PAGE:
Founded in 2004 by IDF veterans, Breaking the Silence aims to expose the supposed wrongdoings of the Israeli military in the West Bank. In her recent Hebrew-language book Who Do You Think You Are?, Yuli Novak, who served as the group’s director until 2017, reflects on the internal turmoil she has experienced in the ensuing years and explains how she came to reject Zionism altogether. Einat Wilf finds the book cliché-ridden and solipsistic, while the author comes across as a “petulant child.” Moreover, writes Wilf, Novak’s argument rests on false premises:
The first is that Jewish citizens of Israel do not know what is involved in exercising military control over Palestinians in the West Bank. . . . If they knew, they would end it. Therefore, there is a need to “break the silence” surrounding the “occupation. This is a tantalizing idea. It appeals to the human desire to uncover dark secrets lurking beneath the surface. . . . It also confers a halo of martyrdom on those willing to break the so-called silence.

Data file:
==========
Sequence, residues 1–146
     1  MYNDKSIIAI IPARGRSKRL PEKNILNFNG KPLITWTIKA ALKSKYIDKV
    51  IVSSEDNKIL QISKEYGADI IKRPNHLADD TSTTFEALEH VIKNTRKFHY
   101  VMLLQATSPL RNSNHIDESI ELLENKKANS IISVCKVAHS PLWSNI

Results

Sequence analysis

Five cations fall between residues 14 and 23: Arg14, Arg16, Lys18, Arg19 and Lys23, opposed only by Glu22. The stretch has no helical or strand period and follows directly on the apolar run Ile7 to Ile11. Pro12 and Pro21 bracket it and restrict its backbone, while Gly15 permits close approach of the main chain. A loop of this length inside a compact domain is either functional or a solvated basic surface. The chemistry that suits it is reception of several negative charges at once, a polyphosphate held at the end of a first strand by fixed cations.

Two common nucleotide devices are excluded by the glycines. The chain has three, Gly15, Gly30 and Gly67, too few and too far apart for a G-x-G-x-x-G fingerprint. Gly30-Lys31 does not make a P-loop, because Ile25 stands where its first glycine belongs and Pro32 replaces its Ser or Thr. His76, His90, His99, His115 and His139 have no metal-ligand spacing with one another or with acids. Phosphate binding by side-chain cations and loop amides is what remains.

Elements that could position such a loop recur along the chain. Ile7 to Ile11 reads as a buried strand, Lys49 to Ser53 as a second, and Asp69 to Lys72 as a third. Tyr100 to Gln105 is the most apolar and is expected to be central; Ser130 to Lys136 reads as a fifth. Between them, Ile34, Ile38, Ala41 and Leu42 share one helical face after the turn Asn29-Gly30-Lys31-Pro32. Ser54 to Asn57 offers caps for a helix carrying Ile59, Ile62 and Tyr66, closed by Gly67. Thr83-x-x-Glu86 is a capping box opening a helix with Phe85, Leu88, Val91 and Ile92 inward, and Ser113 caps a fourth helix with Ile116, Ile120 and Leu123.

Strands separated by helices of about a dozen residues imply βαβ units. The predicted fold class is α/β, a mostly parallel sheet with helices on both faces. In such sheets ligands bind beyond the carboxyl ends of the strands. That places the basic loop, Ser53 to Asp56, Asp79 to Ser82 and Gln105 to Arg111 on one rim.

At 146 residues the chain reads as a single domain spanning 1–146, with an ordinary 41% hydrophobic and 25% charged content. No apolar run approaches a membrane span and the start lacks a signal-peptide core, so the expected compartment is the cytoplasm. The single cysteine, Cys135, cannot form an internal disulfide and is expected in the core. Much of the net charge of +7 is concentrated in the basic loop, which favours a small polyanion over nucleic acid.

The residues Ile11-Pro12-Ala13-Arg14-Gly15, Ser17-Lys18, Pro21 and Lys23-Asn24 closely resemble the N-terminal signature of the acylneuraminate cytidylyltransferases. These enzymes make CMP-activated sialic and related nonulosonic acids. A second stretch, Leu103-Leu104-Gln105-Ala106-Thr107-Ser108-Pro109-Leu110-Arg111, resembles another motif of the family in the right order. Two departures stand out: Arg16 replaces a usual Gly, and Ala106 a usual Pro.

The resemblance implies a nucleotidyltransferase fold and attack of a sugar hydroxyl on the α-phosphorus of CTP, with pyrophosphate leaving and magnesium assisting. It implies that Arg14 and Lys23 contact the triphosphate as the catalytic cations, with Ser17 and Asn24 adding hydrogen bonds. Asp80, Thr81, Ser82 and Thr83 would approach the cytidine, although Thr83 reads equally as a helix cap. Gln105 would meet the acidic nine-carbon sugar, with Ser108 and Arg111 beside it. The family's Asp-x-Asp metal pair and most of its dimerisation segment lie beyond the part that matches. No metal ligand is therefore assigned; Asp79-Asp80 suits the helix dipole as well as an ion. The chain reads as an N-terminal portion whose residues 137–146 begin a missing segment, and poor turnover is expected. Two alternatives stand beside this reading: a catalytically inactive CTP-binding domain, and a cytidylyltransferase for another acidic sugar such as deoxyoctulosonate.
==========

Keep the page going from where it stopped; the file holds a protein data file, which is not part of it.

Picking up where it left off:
If only. The last thing surrounding Israel’s military control of the West Bank since 1967 is silence. From the moment Israel’s military has come to control the West Bank area captured from the kingdom of Jordan, following King Hussein’s ill-fated decision to follow the charismatic Nasser into that disastrous war, there has been nothing but noise about it. Articles, interviews, reports, commentaries, documentaries, photos, video footage, movies, political debates, UN resolutions, international pronouncements, NGOs, movements, posts, tweets, memes. . . . There is no silence to be broken.
Almost all of those who serve or have served in Israel’s military had to contribute to maintaining that military control, from intelligence gathering to incarceration to boots on the ground. Israelis who serve in the military talk. Israeli Jews (and Arabs) are not known for their reticence in the use of words.
Worse, the entire book centers around the author’s feelings about morality. She felt “Breaking the Silence” was the moral thing to do. And then “it didn’t work out anymore,” “it was too difficult,” “it was in my head,” “something was broken inside me and I didn’t know what,” “I couldn’t anymore,” “It was too much responsibility,” “too much fear,” “too much loneliness.” It just didn’t “feel” right.